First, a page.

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Sep 03, 2007

China’s Teenage Capitalists

Remember street gangs?  Jets and Sharks on Broadway, “juvenile delinquents” in the newspapers, and earnest discussions in the magazines, schools, and churches about “teenagers”: these were parts of a mid-century public discourse about the social and moral effects of modern development.  Now that gangs are murderous million dollar cartels, the allegory is less appealing close to home, which may be why it can be found in this photo from Shanghai.

Six adolescents stand before a dazzling backdrop of the city aglow in the night.  Of course, they also are in the city, which is showcased by its most highly developed, cosmopolitan urban core of corporate skyscrapers.  But a river separates them from the concentration of wealth, which is set above them a bit like heaven.  Because the image is divided high and low by the distant shoreline, the visual grammar makes the high-end architecture an ideal that is set over the reality below.  Because their heads just break the line, they may be tending toward the bright lights, as is suggested also by the middle-class consumer consumption evident in their clothing and accessories.  Indeed, one implication is that they are destined to become the next generation of adults living within Chinese capitalism.

One might ask, then, “how are they doing?”  They photo suggests several answers.  One is that they are doing fine, because they obviously are sharing in the prosperity that they will one day claim as their own.  The city has already been built while they are being prepared to thrive there, so life is good.  Indeed, one might think that China can skip the anxieties about modernization damaging kids who then damage society; no one is going to cross the street to avoid this group.  A related implication is China has now developed well enough that its children can experience the distinctively modern definition of adolescence, which is considerably elongated for extended education and uniquely susceptible to developing a youth culture dominated by popular entertainment and merchandising.  That may be good news and bad news, but it implies a universality for modern societies that can hide other differences–say, the fact that everyone in the picture very probably is a single child who knows a lot more about loneliness than most children in the West.

Another implication might be that China is now in the adolescent phase of modern capitalist development: growing by leaps and bounds, and my goodness, look at how much carbon that kid eats!  Thus, virtually anything can be excused as “growing pains,” as long as the kid doesn’t pick up a gun or kill someone with the car or get pregnant; so, no military expansion and please be careful about emissions, but otherwise we’ll wait it out.  Such a view is very condescending, of course, but it is sure to have plenty of adherents, perhaps because of that.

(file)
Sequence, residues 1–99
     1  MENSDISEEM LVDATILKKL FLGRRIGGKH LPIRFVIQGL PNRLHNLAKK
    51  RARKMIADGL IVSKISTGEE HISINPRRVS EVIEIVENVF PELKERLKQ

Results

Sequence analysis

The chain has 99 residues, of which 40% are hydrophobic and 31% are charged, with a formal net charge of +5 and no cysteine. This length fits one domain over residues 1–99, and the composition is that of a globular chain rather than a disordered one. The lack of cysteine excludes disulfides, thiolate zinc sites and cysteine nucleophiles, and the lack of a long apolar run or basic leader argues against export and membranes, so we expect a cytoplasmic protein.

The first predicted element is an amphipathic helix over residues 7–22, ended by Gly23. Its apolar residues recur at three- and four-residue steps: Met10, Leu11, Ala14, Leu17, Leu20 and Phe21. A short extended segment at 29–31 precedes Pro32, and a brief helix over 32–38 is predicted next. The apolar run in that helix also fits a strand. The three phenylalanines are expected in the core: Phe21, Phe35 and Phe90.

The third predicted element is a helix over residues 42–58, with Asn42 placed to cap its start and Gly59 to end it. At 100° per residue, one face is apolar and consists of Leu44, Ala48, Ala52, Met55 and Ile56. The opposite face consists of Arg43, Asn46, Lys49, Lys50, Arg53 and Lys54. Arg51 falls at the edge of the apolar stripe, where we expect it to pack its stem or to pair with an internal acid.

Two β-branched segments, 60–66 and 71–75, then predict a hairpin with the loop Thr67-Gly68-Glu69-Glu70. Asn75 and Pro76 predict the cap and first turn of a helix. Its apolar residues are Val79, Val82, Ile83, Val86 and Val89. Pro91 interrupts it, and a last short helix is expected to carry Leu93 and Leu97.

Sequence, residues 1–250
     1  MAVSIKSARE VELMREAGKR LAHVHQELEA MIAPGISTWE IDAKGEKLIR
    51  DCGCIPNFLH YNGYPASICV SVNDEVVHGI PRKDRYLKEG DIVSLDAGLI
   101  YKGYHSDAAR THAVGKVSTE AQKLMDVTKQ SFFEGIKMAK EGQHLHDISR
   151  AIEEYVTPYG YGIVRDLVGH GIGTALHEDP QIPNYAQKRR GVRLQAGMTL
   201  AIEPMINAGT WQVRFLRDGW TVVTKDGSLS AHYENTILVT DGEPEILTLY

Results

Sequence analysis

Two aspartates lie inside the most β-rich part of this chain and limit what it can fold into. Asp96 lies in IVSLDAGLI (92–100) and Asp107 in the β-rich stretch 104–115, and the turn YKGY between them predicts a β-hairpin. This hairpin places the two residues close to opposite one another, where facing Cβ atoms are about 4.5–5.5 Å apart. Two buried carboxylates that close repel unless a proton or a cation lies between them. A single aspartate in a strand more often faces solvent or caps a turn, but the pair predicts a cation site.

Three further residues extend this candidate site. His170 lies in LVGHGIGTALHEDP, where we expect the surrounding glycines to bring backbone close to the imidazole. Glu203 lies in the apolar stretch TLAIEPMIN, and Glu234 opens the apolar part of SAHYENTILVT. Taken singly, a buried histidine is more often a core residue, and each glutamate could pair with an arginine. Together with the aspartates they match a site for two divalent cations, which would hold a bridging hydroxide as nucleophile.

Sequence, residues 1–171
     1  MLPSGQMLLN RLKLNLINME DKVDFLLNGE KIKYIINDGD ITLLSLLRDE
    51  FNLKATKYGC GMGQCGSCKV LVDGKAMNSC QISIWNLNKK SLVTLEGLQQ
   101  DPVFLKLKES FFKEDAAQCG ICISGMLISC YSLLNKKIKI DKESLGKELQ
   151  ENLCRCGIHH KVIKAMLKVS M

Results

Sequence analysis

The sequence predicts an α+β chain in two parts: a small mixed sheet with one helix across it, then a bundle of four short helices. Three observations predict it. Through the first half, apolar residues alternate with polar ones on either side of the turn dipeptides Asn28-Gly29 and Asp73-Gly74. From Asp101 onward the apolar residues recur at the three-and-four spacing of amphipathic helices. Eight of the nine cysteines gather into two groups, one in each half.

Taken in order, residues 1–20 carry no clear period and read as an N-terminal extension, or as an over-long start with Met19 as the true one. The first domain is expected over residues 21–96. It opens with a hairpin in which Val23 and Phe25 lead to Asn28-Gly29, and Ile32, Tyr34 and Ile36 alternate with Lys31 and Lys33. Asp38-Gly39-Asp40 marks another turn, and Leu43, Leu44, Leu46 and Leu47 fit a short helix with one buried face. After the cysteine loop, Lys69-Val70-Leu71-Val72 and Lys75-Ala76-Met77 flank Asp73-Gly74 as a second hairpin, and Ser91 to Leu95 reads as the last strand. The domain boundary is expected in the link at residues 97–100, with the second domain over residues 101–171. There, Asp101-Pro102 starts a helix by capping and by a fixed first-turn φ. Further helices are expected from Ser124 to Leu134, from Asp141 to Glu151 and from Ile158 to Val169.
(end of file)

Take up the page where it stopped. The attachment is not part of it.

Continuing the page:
I think the photo does better than that, however.  There is another dimension to the image, one suggested by its dark tonality and the kids’ separation from the cityscape.  For example, these qualities push universality further to suggest that China’s children are destined for other uniquely modern experiences as well, and not least the social fragmentation and anomie that are side effects of modern development.  Furthermore, we have to pay attention to the photo’s almost painful depiction of typified social behavior.  As the eyes move from left to right, we see three girls hugging, a girl and a boy close together, and a lone boy.  Thus, in the center, the teen dream of romantic coupling, and on each side (girls on the left, boys on the right), the gender segregation in which young people spend most of their time.  It’s not just a matter of time, however, as the boy on the right seems quite alone and at least pensive or even sad.  If you look closely, you’ll see that the girl on the right side of the threesome also is a bit outside of that grouping gesturally and emotionally.  The intensive social  awareness of adolescence inevitably is accompanied by separation, self-consciousness, and sadness.  Despite their evident prosperity and bright future, life still could be tough.

So it is that I think the photo provides an allegory after all, and one that is not just about China.  One of the major questions of the 21st century is how to live well in a world dominated by modern capitalism.  As China demonstrates, the shopping mall is one answer to that question, and it shouldn’t be dismissed out of hand.  But it is not enough, nor are GDP,  the level of foreign investment, and other macroeconomic variables the full measure of success.   The trick is to bring everyone to a just and sustainable standard of living, and give everyone a chance to thrive and contribute beyond that, and to do so in a manner that balances “creative destruction” with the need to preserve proven social goods and individual dignity.  Stated in terms of the photo above, the immensely powerful superstructure of modern civilization has to be a place where the experience of those not in power still comes first.

Photograph by Bruno Barby/Magnum Photo.  The rest of Barby’s photo essay on Shanghai is here.


China’s Teenage Capitalists


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